By Tim Seymour
In short, Freeport-McMoRan Copper & Gold Inc. (NYSE:FCX) is great company that delivered great numbers this quarter and guided well for 2013. All of this makes me feel pretty good about the world it operates in, as it is very bullish on growth and end-demand recovery, or possibly even saying that it was never was lost.
But all of this tells me little about the next two to three years with Freeport-McMoRan and how it will execute on a clear change in its strategy. FCX's stock is not expensive at 7x 2013 P/E and approximately 4.5x 2013 EBITDA, but it has rallied 17% off the December M/A lows, including today's earnings pop.
I’m bullish on FCX's view of the copper market, with global auto, Sandy rebuilding, U.S. housing, and China. I'm bullish on emerging markets overall, not just China, and that they will continue to add incremental copper demand that will support demand -- and even lead to cyclical supply shortages of "Dr. Copper."
Freeport's management is clearly is not bullish on copper or emerging markets. Otherwise, it wouldn't be making the acquisitions it has announced, such as today's announcement to buy OM Cobalt in Finland. Last month's M/A is a move into oil and gas, which is a move away from a sole focus on copper. With that sole focus on copper came capital discipline investors had come to expect and always have respected.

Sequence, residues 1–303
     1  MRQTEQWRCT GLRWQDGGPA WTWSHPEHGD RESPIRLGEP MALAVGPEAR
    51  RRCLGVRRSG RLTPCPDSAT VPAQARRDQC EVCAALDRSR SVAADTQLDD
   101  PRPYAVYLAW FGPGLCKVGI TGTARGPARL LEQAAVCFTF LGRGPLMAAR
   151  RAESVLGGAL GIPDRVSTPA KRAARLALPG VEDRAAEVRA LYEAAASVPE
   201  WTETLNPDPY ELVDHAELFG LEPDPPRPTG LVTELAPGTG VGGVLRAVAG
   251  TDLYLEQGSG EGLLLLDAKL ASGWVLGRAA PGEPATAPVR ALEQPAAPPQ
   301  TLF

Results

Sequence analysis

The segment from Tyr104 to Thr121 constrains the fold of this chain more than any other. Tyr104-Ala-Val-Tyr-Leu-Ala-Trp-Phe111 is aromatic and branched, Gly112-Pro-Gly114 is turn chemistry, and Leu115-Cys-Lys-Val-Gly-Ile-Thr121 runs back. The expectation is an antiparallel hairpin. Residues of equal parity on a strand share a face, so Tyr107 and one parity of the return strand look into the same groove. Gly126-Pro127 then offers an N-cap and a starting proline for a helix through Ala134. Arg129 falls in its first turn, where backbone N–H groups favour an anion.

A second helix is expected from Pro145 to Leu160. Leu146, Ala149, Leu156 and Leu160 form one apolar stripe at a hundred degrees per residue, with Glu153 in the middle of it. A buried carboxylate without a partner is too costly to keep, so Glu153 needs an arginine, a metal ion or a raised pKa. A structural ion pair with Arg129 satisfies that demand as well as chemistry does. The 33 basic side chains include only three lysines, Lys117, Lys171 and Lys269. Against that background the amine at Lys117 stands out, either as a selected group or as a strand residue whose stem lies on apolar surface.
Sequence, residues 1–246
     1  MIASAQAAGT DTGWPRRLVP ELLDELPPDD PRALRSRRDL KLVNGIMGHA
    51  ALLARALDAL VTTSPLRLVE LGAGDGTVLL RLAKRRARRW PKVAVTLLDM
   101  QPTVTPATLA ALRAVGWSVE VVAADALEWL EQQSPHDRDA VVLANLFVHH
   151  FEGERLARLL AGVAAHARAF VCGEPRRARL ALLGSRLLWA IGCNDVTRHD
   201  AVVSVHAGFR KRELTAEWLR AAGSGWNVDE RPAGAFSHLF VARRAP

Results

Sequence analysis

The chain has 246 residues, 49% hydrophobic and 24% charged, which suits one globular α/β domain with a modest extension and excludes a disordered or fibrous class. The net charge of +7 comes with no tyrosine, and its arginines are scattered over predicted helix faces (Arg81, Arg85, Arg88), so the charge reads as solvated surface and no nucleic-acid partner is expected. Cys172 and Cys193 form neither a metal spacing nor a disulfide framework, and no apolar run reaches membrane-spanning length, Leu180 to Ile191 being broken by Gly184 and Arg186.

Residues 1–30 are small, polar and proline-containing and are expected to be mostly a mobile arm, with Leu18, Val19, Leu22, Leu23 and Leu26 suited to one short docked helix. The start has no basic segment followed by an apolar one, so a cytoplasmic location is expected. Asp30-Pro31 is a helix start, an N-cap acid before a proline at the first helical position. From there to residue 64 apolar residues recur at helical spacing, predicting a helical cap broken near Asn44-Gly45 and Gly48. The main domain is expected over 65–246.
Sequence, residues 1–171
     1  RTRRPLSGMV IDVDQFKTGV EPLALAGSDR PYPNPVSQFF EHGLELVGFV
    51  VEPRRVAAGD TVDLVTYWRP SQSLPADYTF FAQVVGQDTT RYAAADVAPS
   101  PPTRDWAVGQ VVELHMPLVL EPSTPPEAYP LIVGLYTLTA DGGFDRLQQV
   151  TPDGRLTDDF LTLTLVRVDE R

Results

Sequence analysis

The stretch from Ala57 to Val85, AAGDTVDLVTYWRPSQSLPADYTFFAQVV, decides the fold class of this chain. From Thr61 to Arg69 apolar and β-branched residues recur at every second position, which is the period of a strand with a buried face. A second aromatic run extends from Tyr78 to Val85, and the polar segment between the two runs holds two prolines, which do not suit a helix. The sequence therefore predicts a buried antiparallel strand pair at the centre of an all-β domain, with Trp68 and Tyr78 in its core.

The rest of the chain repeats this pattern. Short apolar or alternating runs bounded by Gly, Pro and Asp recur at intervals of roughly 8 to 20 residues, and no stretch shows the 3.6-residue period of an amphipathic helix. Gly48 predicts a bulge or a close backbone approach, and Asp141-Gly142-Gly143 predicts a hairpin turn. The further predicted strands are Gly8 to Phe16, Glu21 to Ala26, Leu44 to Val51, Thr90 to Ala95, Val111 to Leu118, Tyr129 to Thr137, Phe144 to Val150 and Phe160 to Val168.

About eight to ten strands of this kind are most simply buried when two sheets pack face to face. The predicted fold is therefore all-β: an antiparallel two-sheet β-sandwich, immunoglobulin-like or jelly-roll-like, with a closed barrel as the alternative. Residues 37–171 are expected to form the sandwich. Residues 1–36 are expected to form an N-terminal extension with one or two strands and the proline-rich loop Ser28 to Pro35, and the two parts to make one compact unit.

These purchases are diversifying into U.S. assets and a notable change for the company. To me, it is a historically great "emerging market company," despite calling Phoenix, Ariz., home. Freeport had been a global pioneer in places like Indonesia and Peru. Some of the most impressive assets for Freeport are in emerging markets. Two obvious ones are the Grasberg and Tenke mines.
Freeport is saying emerging markets are too volatile, with labor issues and government conditions that are growing more difficult the more success it has. In short, the stock has popped off the lows and had a great run. You now have an extended period of uncertainty for the shares.
The bottom line from the M/A is that synergies are not great, its balance sheet is weaker, and the deal seems to be confirming the top of the metals super cycle as a move into oil and gas defines Freeport's "next phase."